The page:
PaaS - How to install Oracle API Gateway and register with Oracle API Platform Cloud Service (Part 2)

In a previous post, I covered the steps to create an Oracle API Platform Cloud Service instance: PaaS - How to setup Oracle API Platform Cloud Service (Part 1).

To continue with the Oracle API Platform setup, an API Gateway node must be installed and registered with the Oracle API Platform Cloud instance. The API Gateway node can be installed on-premise or on any other vendor cloud instance.

In this post (Part 2), I will cover the steps involved with installing and registering the API Gateway. The Gateway installation can be downloaded from the API Management Portal or by using wget.

I will be installing the API Gateway on an Oracle Linux Virtual Machine instance (version 6.4) on my local machine. This will be the equivalent of installing the API Gateway on-premise. Finally, I will show the API Gateway registered with the Oracle API Platform instance already running in Oracle Cloud.

Oracle Documentation for installing the API Gateway can also be found here.

1. Download the API Gateway installer from the API Management Portal via the Oracle API Platform Cloud Service you have set up (URL https://API_PLATFORM_IP:PORT/apiplatform/gateways):

The API Gateway can also be downloaded using wget:
wget --keep-session-cookies --save-cookies cookies.txt --post-data='j_username=API_USERNAME&j_password=API_USER_PASSWORD' --no-check-certificate https://API_PLATFORM_IP/apiplatform/public/j_security_check

wget --load-cookies cookies.txt --no-check-certificate https://API_PLATFORM_IP/apiplatform/downloads/

2. The downloaded archive '' contains installation and configuration files. The archive is just over 1GB:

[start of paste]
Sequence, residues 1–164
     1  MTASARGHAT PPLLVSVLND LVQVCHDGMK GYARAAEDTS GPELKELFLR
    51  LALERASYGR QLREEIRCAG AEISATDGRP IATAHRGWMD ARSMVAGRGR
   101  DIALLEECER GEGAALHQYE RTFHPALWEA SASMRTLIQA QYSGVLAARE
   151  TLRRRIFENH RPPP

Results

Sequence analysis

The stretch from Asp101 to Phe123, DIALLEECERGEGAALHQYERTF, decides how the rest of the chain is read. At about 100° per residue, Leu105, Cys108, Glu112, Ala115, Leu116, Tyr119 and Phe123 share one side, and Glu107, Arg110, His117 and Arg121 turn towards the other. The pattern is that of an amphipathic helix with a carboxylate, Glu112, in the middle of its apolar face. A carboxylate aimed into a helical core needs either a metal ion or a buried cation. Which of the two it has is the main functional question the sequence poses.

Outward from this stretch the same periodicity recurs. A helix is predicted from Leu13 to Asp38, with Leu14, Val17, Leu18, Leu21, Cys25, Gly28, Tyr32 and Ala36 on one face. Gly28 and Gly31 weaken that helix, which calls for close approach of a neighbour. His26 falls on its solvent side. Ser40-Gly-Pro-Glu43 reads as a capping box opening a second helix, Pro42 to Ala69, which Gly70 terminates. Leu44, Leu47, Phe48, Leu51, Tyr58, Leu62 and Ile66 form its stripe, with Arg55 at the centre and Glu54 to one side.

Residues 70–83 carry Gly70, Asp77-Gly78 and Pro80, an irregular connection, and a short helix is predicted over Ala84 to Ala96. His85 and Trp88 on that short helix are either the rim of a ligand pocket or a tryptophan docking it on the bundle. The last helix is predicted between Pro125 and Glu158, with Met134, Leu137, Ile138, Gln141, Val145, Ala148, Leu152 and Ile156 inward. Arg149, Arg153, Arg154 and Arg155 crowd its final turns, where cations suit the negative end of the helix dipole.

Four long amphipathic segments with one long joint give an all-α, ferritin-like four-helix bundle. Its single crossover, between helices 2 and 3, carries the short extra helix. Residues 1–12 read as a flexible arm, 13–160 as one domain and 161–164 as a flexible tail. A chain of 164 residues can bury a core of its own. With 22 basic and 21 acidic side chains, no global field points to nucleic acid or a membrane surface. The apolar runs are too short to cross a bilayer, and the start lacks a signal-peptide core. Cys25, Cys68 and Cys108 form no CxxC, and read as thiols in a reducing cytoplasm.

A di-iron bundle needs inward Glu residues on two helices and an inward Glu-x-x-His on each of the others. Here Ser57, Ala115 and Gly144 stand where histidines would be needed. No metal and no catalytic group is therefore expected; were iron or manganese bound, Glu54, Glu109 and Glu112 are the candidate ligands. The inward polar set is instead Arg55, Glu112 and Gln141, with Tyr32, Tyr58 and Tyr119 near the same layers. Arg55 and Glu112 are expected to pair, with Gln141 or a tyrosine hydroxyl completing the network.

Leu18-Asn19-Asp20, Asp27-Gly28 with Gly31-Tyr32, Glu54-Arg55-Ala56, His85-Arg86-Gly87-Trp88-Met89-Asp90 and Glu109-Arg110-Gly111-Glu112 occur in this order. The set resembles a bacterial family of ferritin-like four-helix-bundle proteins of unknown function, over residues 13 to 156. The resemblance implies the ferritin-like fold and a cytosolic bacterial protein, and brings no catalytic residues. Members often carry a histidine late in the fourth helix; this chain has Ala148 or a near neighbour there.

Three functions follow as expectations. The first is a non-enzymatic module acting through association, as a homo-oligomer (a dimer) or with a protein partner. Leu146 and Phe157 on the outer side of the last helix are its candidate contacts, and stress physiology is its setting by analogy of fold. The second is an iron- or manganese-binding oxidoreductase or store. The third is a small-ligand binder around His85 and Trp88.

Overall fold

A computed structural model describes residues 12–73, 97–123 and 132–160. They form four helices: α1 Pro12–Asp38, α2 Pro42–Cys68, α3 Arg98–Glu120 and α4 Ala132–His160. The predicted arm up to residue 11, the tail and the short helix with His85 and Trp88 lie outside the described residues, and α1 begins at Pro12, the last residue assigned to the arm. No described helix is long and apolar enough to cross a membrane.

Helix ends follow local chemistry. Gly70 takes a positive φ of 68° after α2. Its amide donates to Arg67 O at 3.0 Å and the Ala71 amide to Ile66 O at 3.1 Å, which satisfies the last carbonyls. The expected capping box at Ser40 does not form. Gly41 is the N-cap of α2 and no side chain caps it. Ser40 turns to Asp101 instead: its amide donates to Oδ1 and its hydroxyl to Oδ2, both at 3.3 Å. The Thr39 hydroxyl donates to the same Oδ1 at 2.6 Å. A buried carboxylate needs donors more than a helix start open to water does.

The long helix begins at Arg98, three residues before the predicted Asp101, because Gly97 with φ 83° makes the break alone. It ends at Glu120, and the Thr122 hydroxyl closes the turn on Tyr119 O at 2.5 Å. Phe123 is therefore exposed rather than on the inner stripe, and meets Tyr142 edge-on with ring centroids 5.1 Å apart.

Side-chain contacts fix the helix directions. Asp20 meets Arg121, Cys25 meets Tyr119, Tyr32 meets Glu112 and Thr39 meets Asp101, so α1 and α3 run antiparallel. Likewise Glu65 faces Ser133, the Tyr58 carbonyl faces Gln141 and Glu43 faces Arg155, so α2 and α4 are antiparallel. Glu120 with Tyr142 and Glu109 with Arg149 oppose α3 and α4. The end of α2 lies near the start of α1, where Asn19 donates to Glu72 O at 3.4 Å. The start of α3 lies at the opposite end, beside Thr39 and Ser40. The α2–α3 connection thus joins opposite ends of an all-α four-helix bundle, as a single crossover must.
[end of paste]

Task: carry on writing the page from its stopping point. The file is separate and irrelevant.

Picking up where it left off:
3. My installation of the API Gateway will mimic an On-Premise installation, therefore the System Requirements from the Oracle Documentation is as follows:

Operating Systems
Oracle Linux and Red Hat Enterprise Linux 7.2, 6.7, and 6.4.
Microsoft Windows 10 supported for development and testing only
Microsoft Windows Server 2016 supported for production

Dual core, 2 GHz or more per CPU

Disk Space
30 GB

6 GB

JDK version
Oracle-Certified Java SE JDK 8. OpenJDK is not supported.

Python version (With OpenSLL Support)
Note: This is required only for Windows installs. If installing on Linux, the version of Python bundled with the installer is used.

Open SSL version
Note: This is required only for Windows installs. If installing on Linux, the version of Open SSL bundled with the installer is used.

4. The machine for the API Gateway to be installed on is a pre-built Oracle Linux 6.4 Virtual Machine. 

Initially, I built an Oracle Linux 7.2 Virtual Machine from scratch but my API Gateway installation faced installation issues, most likely due to missing configuration of the VM itself, I needed to spend more time setting it up. In the end, to save time and continue with the progress, I decided to use a pre-built Oracle VM (containing Oracle Fusion Middleware components such as WebLogic, WebCenter Portal etc - Oracle WebCenter Portal 12.2.1 - Virtual Machine. List of pre-built VM's here).

The 6.4 version of the VM satisfied the minimum OS requirement. The VM was loaded into VirtualBox and ready to be used as an environment for the API Gateway to be installed on: